Who is the Boy in the Box?

by longformphilly

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Sabrina Rubin Erdely | Philadelphia Magazine | November 2003

An old man sits on an aqua couch in a pink room. Soon he will visit a little boy’s grave. But first he leafs through the white binder in his lap, turning its plastic pages with a patient hand. Here is the typewritten autopsy report, dated February the 25th, 1957. Here are fading aerial photographs of the farms and woodlands surrounding the crime scene, taken with his own Speedgraphic camera. Here are photos of the battered boy laid out on a metal gurney, nude but for a white handkerchief draped over his groin for modesty’s sake. Here are copies of newspaper clippings from the 1950s, ’60s, ’70s and so forth, the past bleeding into the present. And here are snapshots of the old man himself, and of his police department colleagues, through the years. Black-and-white pictures of them in the ’50s, young and purposeful and efficient-looking in high-waisted pants and short ties. Color four-by-sixes of them today, in white slacks and baseball hats, thicker around the middle and a little worse for wear but still alive and kicking. Still searching for that thing—that one thing. It’s the thing they have yet to resolve, the one thing they still haven’t made right. It’s the one thing the old man needs to take care of before it’s too late.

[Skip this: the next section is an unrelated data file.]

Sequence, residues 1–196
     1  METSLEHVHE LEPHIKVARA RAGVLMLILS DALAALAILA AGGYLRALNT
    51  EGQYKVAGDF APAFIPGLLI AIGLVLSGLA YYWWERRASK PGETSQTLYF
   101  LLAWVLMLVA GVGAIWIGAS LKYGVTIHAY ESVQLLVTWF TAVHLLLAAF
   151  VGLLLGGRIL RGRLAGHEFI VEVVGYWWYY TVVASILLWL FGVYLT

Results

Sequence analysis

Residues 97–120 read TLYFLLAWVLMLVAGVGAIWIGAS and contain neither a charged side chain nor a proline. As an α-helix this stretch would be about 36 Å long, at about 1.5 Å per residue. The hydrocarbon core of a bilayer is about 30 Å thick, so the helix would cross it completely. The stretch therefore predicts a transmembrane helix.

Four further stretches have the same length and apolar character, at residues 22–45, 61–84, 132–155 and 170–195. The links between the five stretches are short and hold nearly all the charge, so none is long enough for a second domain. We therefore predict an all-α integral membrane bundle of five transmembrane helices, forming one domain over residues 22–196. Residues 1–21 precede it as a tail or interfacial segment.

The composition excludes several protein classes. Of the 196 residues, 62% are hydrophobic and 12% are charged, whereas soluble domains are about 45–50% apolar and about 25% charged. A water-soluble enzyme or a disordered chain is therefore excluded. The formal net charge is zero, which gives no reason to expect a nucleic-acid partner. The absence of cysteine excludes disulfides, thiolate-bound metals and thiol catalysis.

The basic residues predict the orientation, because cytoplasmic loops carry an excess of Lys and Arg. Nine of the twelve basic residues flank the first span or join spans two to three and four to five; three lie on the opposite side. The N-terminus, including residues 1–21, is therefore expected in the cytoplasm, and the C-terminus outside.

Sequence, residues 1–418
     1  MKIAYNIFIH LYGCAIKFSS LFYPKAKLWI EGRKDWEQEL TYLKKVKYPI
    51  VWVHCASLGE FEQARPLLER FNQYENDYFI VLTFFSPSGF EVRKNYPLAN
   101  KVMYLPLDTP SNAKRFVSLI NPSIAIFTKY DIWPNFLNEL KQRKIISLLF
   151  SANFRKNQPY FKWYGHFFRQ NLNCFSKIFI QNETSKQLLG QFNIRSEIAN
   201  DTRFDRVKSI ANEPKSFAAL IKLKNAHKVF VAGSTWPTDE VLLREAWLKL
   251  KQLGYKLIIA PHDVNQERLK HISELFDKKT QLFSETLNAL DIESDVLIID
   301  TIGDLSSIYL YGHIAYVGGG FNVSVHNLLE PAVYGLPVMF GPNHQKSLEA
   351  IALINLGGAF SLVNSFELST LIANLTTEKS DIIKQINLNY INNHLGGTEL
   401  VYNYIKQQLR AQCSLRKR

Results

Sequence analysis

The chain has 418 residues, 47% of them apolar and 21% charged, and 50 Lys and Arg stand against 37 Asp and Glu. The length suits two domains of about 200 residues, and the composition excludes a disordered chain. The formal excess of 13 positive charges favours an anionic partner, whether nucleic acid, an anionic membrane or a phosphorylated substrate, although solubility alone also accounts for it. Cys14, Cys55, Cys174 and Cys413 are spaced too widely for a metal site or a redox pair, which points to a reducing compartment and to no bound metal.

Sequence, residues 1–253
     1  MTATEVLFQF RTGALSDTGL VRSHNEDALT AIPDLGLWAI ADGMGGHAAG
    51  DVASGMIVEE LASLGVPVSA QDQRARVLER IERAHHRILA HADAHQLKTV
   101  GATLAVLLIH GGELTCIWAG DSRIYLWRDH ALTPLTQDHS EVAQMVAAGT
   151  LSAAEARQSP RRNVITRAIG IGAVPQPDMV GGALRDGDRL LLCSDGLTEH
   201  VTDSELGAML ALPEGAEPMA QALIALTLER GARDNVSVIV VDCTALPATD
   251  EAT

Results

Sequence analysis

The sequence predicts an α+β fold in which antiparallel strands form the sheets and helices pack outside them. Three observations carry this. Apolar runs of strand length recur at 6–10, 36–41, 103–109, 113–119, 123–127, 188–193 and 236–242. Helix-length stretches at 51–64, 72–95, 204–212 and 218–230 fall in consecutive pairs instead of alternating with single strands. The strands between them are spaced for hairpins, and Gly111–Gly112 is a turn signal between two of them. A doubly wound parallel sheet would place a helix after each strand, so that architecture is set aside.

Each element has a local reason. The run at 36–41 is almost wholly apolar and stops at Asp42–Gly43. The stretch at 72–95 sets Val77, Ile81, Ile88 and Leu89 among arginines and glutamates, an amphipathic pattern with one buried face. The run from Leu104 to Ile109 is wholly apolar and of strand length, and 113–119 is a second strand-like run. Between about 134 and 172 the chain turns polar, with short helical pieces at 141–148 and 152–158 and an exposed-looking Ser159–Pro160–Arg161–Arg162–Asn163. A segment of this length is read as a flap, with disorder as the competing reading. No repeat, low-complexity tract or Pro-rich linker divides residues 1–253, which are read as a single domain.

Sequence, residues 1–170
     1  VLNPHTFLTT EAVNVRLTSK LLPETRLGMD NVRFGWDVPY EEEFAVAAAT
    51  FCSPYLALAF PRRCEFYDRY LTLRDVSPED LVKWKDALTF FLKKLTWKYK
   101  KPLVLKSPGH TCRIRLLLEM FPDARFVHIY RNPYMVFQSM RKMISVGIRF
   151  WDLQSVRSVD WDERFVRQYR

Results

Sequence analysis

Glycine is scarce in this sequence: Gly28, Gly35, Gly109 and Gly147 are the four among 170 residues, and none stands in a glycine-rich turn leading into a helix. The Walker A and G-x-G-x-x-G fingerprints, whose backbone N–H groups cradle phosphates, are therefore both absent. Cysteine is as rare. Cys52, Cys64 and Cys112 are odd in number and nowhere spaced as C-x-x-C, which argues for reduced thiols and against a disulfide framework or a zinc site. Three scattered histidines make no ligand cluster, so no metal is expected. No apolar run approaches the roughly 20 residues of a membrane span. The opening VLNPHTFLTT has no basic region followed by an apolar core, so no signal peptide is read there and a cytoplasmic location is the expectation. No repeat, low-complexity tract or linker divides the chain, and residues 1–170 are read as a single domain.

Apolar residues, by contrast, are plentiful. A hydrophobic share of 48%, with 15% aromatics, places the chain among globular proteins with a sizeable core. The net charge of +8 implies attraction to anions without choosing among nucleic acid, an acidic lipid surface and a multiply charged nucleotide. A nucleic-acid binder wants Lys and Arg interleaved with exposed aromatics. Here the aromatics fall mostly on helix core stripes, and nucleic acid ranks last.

The little boy would be 50, 51 years old if he were alive today, but in Bill Kelly’s mind he is still a child. Time has stood still for the boy, but not for the man. He has circulation problems now, and age spots on his skin, and white hair he combs neatly back each morning, and a plastic pillbox of medicines he takes daily, some with food, some on an empty stomach. He’s been living on God’s green earth for 75 years. He’s seen a lot during that time—some of which he’d rather forget, frankly—and yet Kelly remains singularly haunted by this case, by this one little boy, who has been on his mind for the better part of 46 years. It’s the one case he couldn’t close, the one mystery he couldn’t solve. Kelly knows time is running out. He leans in to study a close-up of the boy’s face for the umpteenth time. Who are you? he wants to ask. What is your name?

Time to go.

Writer bio: Sabrina Rubin Erdely, a graduate of the University of Pennsylvania, served as a senior writer and writer-at-large at Philadelphia Magazine for a combined 13 years. She has been a finalist for the National Magazine Award twice. She is currently a contributing editor at Rolling Stone.

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